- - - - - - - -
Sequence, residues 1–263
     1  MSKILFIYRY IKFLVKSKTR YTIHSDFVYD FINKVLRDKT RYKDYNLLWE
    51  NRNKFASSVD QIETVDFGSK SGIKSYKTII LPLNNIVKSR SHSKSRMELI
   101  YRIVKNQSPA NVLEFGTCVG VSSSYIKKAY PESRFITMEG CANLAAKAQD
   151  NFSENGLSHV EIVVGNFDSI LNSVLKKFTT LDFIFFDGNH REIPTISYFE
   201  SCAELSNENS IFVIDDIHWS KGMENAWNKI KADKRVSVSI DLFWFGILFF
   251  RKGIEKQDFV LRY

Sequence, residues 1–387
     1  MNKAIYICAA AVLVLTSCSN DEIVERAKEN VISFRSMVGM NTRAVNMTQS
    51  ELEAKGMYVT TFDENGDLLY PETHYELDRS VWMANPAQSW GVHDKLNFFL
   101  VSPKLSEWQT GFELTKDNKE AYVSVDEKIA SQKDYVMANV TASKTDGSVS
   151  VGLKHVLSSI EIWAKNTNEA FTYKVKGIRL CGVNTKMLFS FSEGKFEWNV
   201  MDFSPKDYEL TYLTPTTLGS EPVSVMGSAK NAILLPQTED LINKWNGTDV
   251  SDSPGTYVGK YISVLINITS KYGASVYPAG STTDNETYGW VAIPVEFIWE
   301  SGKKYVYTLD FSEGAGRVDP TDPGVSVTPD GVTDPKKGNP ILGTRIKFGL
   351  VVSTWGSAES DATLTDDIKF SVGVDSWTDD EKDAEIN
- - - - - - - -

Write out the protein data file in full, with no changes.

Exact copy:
Sequence, residues 1–263
     1  MSKILFIYRY IKFLVKSKTR YTIHSDFVYD FINKVLRDKT RYKDYNLLWE
    51  NRNKFASSVD QIETVDFGSK SGIKSYKTII LPLNNIVKSR SHSKSRMELI
   101  YRIVKNQSPA NVLEFGTCVG VSSSYIKKAY PESRFITMEG CANLAAKAQD
   151  NFSENGLSHV EIVVGNFDSI LNSVLKKFTT LDFIFFDGNH REIPTISYFE
   201  SCAELSNENS IFVIDDIHWS KGMENAWNKI KADKRVSVSI DLFWFGILFF
   251  RKGIEKQDFV LRY

Sequence, residues 1–387
     1  MNKAIYICAA AVLVLTSCSN DEIVERAKEN VISFRSMVGM NTRAVNMTQS
    51  ELEAKGMYVT TFDENGDLLY PETHYELDRS VWMANPAQSW GVHDKLNFFL
   101  VSPKLSEWQT GFELTKDNKE AYVSVDEKIA SQKDYVMANV TASKTDGSVS
   151  VGLKHVLSSI EIWAKNTNEA FTYKVKGIRL CGVNTKMLFS FSEGKFEWNV
   201  MDFSPKDYEL TYLTPTTLGS EPVSVMGSAK NAILLPQTED LINKWNGTDV
   251  SDSPGTYVGK YISVLINITS KYGASVYPAG STTDNETYGW VAIPVEFIWE
   301  SGKKYVYTLD FSEGAGRVDP TDPGVSVTPD GVTDPKKGNP ILGTRIKFGL
   351  VVSTWGSAES DATLTDDIKF SVGVDSWTDD EKDAEIN